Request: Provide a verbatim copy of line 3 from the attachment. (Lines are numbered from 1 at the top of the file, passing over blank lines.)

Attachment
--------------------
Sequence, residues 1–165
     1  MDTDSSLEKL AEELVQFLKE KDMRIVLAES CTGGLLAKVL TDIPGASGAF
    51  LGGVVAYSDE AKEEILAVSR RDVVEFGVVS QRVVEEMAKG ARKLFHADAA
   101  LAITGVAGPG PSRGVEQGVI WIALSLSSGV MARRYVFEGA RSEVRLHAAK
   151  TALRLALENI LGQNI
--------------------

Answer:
    51  LGGVVAYSDE AKEEILAVSR RDVVEFGVVS QRVVEEMAKG ARKLFHADAA